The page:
Freedom and fury: about being able to respectfully disagree

You have not really ever met anyone who is naturally as skinny as this girl? I have.

I wish I was more politically active than I actually am, at least in terms of writing. The fact is I am not only a hard worker but also, a little shy and somewhat afraid to express myself, because I am on the fringes of the conventional and as such, also of the unconventional (maybe most of us are? or not? that´s beside the point, though). I hate the word “minority” — seriously? Some of those deemed “minority” are far from actually being so. I also dislike labels, so that turns my defending some causes rather difficult, but here´s what I believe in a very summed up manner: everybody is just as much as equal as entirely different from each other, and that should be taken into account in any discussion about human rights.

Categories deny the fluidity of individuality and of life itself and in my opinion, they might propel even more discord — say one person is born and raised in India, from European parents — what is that person? Should one be categorized in terms of juridical nationality, of patriotic inclinations (if any — I don´t have any), of ethnic roots (if any is predominant, anyway), childhood cultural environment, mother tongue? How can I defend this person if he immigrates to the U.S.? Oh, as an immigrant, think of him as an immigrant. An immigrant, yes, but I haven´t heard of Sting having had any particular issues being a legal alien in New York, and remember, our guy probably is caucasian, although he might have a foreign accent, and well, let´s say he comes from a rich family. Not he — she, because our guy is a girl — he has undergone a sex reassignment surgery from male to female. Transsexual, then? Well yes, but let´s not forget she is also gay; more precisely, a lesbian? Well, she enjoys sexual and romantic relations with girls. She also firmly believes the USA should not close their facility in Guantanamo Bay and enjoys strictly monogamic relations.

Very few would admit to disliking freedom — of speech, of choice. One believes a particular conduct should be entirely forbidden when one deems that conduct unacceptable or damaging to society. Some of these unacceptable conducts are more or less universally shared as unacceptable, such as stealing or murder, but already with significant differences in how unacceptable they are. Others seem to be in the path of consolidating themselves as granted rights, but still provoke a lot of hate and questioning from many, even if not as openly or as much as before, such as having homosexual relations and relationships. Freedom of movement is a strongly debated issue with radically opposed opinions, and I see no path to consensus anytime soon — regional arrangements acknowledged. Freedom of gender? Well, the first ever genderless human lives in Australia — originally born a male, Norrie May-Welby has undergone sex reassignment surgery and then also felt a void while being categorized as a female, having pledged — and won — the right to declare being of unspecified gender. What about freedom of appearance? Can one be overly fat? Can one choose to be overly thin? What is overly anyway, and to whom? Sometimes yes, your body weight can result in health issues.

My approach is usually this: does it concern anyone but me and my happiness? If yes, what do you care? Is it about my body, my life choices, my love and sex life? I do not feel I have the right to impose on anyone my personal choices regarding those issues and I demand to be reciprocated. And even though I am a heterosexual female who is not uncomfortable with the original gender assignment, I do fight for a lot of what I consider being my rights: to go out for a drink alone with a guy without having him think I am necessarily willing to have sex with him; to be relaxed in a room with a lot of heterosexual men and not have to listen to piggish commentary about women and being called a feminazi when I ask them to stop objectifying women and finding it very normal. To live in the trenches of conventional is just as difficult as being entirely unconventional — there is actually no difference at all, which, I think, validates my point when it comes to _not categorizing_.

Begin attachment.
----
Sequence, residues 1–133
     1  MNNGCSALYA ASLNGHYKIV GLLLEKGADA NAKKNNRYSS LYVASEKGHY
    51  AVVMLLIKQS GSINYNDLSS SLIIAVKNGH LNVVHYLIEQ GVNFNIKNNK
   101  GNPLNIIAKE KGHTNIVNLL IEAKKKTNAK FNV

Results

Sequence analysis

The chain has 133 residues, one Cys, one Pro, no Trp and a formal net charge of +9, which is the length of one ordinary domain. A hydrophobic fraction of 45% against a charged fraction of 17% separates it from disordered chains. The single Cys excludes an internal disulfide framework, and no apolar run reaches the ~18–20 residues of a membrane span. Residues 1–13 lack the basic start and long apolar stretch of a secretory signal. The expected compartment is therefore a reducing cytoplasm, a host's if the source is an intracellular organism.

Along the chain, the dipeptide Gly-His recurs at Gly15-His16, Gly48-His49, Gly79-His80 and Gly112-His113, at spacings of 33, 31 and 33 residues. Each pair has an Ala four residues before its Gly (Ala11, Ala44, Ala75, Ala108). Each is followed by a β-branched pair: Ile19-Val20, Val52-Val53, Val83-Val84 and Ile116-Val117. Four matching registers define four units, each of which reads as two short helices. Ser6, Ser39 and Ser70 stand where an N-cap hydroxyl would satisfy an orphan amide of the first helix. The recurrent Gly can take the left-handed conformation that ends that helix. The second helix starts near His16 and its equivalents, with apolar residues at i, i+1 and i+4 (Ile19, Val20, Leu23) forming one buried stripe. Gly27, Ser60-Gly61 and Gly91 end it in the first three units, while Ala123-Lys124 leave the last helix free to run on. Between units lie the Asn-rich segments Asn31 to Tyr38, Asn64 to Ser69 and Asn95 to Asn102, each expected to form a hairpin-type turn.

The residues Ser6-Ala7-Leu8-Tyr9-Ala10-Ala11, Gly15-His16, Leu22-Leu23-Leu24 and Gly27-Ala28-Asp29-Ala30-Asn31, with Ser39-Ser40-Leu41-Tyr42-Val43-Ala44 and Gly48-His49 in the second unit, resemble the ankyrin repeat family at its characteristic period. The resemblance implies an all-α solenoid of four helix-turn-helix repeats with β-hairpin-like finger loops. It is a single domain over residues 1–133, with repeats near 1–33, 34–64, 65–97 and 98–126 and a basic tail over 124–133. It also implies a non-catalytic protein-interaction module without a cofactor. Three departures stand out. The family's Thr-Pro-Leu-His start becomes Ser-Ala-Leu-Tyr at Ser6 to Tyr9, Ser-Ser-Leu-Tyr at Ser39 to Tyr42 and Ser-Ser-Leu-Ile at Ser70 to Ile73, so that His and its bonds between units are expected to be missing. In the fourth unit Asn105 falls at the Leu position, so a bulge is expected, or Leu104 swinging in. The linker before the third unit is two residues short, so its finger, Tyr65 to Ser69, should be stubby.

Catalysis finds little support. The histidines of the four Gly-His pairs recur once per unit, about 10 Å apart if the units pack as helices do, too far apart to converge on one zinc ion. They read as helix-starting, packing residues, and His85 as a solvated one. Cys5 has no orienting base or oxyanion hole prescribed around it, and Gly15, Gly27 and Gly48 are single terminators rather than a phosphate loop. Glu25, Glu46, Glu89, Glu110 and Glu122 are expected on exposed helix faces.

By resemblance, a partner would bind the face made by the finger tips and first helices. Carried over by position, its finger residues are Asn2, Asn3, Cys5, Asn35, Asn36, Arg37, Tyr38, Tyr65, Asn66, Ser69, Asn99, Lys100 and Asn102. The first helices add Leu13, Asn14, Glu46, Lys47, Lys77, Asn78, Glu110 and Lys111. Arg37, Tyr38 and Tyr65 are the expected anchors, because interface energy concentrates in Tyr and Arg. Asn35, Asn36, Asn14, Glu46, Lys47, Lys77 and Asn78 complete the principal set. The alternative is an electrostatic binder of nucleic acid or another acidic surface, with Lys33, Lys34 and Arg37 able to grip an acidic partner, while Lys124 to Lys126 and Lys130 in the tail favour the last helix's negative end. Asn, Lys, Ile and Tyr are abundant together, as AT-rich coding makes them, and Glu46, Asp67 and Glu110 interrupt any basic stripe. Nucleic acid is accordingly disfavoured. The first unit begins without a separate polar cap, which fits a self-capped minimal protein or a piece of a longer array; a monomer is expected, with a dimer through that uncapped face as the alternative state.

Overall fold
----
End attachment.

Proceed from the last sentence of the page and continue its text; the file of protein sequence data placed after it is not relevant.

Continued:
My point is, there is no standard profile to anyone and there is very little to be taken for granted in any struggle for any sort of freedom, and that is why I firmly subscribe to courtesy and dialogue when it comes to defending or arguing against anyone´s position. This is not only about humility, it is about freedom too. If the idea is to change what seem to be a strongly shared value, there is no point in imposing authoritatively to your readers or listeners everything you believe in. Can a feminist defend monogamy or enjoy cooking for her family? All gay men should vote for Obama? Can I still diet and try to lose weight even though I don´t think Lady Gaga is fat, nor that it should matter? Am I obliged to conform to the “movement´s” expectations about my behavior to be a part of the “movement”? Will I be attacked or banned from a feminist forum if I say, and that is what I believe in, Karlie Kloss was being as bullied for being “too thin” as Lady Gaga was for having gained weight? It is not the fault of some beautiful healthy skinny ladies that other girls harm their bodies to reach a particular ideal of beauty…

Honestly, no consensus will ever be built on fury, even if that fury is geared towards supposedly defending freedom. News flash: everyone defends freedom. The only difference is if it is my freedom or our freedom. And if it is our freedom, then I should respectfully hear what you have to say, and if I do, disagree in the same fashion.


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